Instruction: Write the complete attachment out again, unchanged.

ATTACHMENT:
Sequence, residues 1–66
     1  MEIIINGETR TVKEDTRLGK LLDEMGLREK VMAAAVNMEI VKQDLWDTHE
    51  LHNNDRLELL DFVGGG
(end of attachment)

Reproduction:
Sequence, residues 1–66
     1  MEIIINGETR TVKEDTRLGK LLDEMGLREK VMAAAVNMEI VKQDLWDTHE
    51  LHNNDRLELL DFVGGG